“You’ll get it in a moment,” Mason promises. “First I just need to hear you say something.”
“That you were the one who told on me.”
Of course it’s one of Mason’s stupid jokes—but there’s something in his voice Oliver doesn’t care for. Something which tells him this might not be a joke.
“It wasn’t me—you know that!”
“No, I don’t know. All I know is I was made a fool in front of the whole damn school, and everyone is saying you did it.”
Oliver throws out his arms, even though he knows Mason can’t see him. “That’s just rumors. Brad probably started them. Felix said—”
“Felix said what I told him to say.” Mason looks to the side. “Felix? Come over here.”
A moment later, Felix appears. “Uhm … I really don’t like this,” he mutters.
“Shut up. Tell Oliver you lied about Brad.”
“Oh. Yeah, that was a lie. You told me to say that.” Felix looks at Mason and whispers: “Shouldn’t we let him up now?”
Mason doesn’t seem to hear him. “Did you get that, Oliver? You thought you would get away with telling on me, that I was blaming someone else. But I tricked your ass, and you went for it, hook, line and sinker. And you’re not getting up from there until you confess.”
“Come on, Mason,” Felix pleads. “You said we were only going to tease him a little.”
Mason shoves Felix out of sight and stares down at Oliver. Even though he’s only a dark shadow against the blue sky, Oliver can feel his eyes. “How about it, Oliver? Do you confess?”
Oliver is really afraid now. Mason is acting totally strange, like something has possessed him. Even his voice sounds distorted from down here.
“It wasn’t me, Mason,” he says.
“What? I couldn’t hear you.”
“It wasn’t me!”
Mason groans. “Come on, just fucking admit it, man. I know it was you! Everyone knows it was you! You stabbed me in the back.”
“Why would I do that?”
“Because you didn’t want me to get a better score than you.”
“That’s crazy! I don’t give a fuck who gets the higher score!”
“Confess. Then we can go back to being friends again.”
“I can’t confess to something I didn’t do!” Oliver is shouting at the top of his voice now, his own words resounding all around him. “And friends don’t do this kind of shit to each other!”
Mason falls quiet. Oliver hopes he got through. Then, he hears Mason mumble: “Friends don’t tell on each other either.” Raising his voice, he goes on: “Do you know what my dad did to me when he got the call from school? Do you know?”
Oliver knows Mason’s dad can get violent; the day after the exam Mason came to school with bruises on his neck.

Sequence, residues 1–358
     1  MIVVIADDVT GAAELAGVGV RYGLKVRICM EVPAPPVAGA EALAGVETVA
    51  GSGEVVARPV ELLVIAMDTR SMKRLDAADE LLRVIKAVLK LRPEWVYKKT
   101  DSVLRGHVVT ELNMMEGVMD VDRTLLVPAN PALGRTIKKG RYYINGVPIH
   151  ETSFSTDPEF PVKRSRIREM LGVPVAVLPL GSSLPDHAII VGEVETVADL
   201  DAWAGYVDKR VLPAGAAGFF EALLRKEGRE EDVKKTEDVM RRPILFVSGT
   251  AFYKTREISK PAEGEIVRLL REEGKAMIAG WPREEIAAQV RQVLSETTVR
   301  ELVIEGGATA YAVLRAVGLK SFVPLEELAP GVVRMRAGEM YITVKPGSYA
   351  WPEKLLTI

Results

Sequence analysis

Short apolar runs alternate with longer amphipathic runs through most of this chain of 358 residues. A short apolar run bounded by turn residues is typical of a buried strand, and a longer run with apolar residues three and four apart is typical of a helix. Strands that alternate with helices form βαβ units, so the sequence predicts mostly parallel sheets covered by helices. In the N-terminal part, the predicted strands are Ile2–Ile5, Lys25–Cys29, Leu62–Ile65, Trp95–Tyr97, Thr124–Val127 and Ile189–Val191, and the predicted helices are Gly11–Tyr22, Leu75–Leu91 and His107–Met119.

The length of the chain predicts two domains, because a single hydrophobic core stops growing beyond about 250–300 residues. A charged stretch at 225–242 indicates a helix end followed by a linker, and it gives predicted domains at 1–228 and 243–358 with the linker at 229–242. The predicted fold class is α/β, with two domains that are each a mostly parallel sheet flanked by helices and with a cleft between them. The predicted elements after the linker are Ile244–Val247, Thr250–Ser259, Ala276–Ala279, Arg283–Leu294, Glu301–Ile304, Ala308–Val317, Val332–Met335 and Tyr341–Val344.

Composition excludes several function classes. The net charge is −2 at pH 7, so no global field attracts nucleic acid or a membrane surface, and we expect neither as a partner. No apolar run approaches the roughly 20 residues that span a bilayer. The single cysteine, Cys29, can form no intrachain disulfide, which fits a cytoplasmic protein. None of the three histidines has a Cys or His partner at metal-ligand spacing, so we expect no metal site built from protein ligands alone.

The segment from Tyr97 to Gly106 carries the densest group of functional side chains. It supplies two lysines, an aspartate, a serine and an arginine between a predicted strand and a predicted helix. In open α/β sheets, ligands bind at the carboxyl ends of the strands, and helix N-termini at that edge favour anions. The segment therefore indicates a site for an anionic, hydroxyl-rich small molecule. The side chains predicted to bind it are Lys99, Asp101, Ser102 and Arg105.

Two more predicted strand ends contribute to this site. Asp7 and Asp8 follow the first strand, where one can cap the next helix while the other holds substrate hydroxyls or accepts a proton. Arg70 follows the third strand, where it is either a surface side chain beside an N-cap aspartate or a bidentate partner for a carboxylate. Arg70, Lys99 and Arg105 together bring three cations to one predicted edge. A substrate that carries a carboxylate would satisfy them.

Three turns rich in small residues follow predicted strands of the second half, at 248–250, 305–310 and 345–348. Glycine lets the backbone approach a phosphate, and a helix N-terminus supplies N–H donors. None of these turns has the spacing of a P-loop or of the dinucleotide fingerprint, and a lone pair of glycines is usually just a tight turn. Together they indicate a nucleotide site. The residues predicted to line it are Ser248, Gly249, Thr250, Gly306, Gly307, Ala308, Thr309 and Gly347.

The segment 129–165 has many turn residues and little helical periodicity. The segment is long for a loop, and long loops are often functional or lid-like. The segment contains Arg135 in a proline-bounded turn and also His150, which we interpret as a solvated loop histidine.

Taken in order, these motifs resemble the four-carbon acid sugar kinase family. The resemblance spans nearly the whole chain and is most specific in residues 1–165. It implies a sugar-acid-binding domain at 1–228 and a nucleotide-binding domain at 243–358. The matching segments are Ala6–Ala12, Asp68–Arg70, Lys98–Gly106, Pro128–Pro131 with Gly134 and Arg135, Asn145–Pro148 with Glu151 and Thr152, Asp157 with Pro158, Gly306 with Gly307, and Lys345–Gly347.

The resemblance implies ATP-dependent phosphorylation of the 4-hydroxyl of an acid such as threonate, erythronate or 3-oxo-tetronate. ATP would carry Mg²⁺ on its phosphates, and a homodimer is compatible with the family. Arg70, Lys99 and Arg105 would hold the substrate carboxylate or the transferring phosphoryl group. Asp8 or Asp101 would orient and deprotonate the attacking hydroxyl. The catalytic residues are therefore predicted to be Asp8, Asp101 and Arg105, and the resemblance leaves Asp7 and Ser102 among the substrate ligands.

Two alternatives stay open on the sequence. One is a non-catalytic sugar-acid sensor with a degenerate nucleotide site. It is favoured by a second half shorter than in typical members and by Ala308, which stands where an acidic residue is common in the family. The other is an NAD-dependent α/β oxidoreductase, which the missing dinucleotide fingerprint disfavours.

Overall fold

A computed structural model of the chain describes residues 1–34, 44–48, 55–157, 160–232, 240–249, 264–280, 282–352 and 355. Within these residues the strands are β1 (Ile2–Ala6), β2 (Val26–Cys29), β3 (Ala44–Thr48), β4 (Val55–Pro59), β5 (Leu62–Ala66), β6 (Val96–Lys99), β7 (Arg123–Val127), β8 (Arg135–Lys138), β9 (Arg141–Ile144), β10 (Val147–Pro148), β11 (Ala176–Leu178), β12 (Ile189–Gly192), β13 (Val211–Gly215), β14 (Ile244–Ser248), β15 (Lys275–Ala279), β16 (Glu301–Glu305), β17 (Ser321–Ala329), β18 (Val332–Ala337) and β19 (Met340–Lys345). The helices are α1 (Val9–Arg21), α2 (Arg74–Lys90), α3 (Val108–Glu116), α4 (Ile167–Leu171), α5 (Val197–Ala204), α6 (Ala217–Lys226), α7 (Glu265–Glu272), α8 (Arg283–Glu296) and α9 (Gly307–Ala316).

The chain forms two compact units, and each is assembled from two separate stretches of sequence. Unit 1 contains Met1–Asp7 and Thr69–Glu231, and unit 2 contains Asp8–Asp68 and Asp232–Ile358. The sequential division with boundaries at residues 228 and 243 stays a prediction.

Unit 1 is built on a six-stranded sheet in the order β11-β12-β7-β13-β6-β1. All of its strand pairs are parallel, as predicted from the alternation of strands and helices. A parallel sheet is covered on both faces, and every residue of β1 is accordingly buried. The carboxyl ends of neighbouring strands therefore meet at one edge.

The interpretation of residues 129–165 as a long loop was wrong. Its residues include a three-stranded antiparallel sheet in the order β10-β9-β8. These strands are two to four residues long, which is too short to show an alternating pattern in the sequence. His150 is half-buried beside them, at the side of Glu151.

“I’m sorry, Mason, I really am. But that wasn’t my fault …”
Suddenly, Mason disappears from sight.
Oliver hears Felix ask: “What are you doing?”
A moment later, the opening starts to grow smaller, as Mason pushes the plate back over the well.
Oliver panics. “No! Don’t do that! Stop!” He jumps and screams, tries in vain to climb the wall. “Mason! Don’t! Please, don’t!”
The plate stops halfway, and Mason’s silhouette appears once more. “You have something to say?”
“Seriously, Mason. You can’t do this!”
“Yes, I can. Until you confess.”
Oliver is close to tears. “All right, I confess. I confess!”
“Confess to what?”
“I was the one who told on you.”
Mason hesitates for a moment, then shakes his head. “You don’t mean that. You’re just saying it to get up from there.”
“No! It was me!”
“Listen, Oliver, here’s what’s going to happen. I’m going to write a message to your mom from your phone. I’m going to tell her you’ll spend the night at my place. Felix and I will come back tomorrow morning. Spending the night down there will probably make you more honest.”
“No, Mason! You can’t do that! Mason! Felix! Felix, help! Tell my parents!”
“Catch!” Mason calls out and throws something down the well.
Oliver jumps aside, as the thing lands on the ground. It’s the water bottle from his bag.
“See ya!” Mason says from above. “Say hi to the churel from us.”
Then the plate is pushed into place, and the darkness becomes complete. Dirt sifts down and hits Oliver, but he doesn’t even notice; he is too busy screaming ...
Want to keep reading?
Get your copy now!
or read for free with